A flag flapping in the breeze. It can be a symbol of patriotism, team pride, even a communication device. However, if a new breakthrough from The University of Manchester is any indication, flags that generate electricity from both wind and solar energy may one day become more ubiquitous in everyday life.
The research team created a device called an inverted flag with flexible piezoelectric strips, which generate an electric current as they flap in the breeze, and also flexible photovoltaic cells, which simultaneously generate electricity from sunlight. The ingenious aspect of this dual electricity generation technique is that during stormy, windy conditions when wind speeds are usually at their maximum, sunlight and solar power tend to be minimized as cloud cover hangs thick. On the other hand, during periods of high pressure when skies are sunny, winds tend to be light. Thus, the dual wind and solar generation technique compensates for much of the intermittency in both solar and wind energy resources. Another benefit of having solar cells on the inverted flag device is that the mass of the solar cells, located on the free end of the flapping flag, acts as a destabilizing force. This triggers flapping motion, and thus wind energy capture, at lower wind speeds than if the solar cells were not present.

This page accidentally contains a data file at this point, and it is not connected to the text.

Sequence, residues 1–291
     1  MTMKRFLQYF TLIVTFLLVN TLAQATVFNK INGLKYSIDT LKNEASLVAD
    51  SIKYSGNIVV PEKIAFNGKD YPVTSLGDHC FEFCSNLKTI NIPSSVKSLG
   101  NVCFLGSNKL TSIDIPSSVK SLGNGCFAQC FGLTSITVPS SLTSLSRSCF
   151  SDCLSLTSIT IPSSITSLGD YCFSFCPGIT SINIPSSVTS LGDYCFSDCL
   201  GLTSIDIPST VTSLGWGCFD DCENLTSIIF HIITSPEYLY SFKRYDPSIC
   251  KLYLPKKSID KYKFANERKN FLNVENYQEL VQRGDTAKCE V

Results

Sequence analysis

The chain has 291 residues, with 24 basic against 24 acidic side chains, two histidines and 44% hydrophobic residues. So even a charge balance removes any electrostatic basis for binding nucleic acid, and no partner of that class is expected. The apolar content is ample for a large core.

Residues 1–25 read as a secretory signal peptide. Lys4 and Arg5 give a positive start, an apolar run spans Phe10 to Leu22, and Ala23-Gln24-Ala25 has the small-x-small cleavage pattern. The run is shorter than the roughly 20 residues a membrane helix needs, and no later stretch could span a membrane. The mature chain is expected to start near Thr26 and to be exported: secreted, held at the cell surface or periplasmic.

Currently, the inverted flag technology is in its infancy, with power output in the 3-4 milliwatt range. Even this small output, though, is enough to power sensors and other small electronics in remote environments on land and at sea. In the future, with continued research into more efficient materials, The University of Manchester team hopes to further improve the technology to enable more power-hungry devices to benefit from this unique, dual-action, clean energy capture device.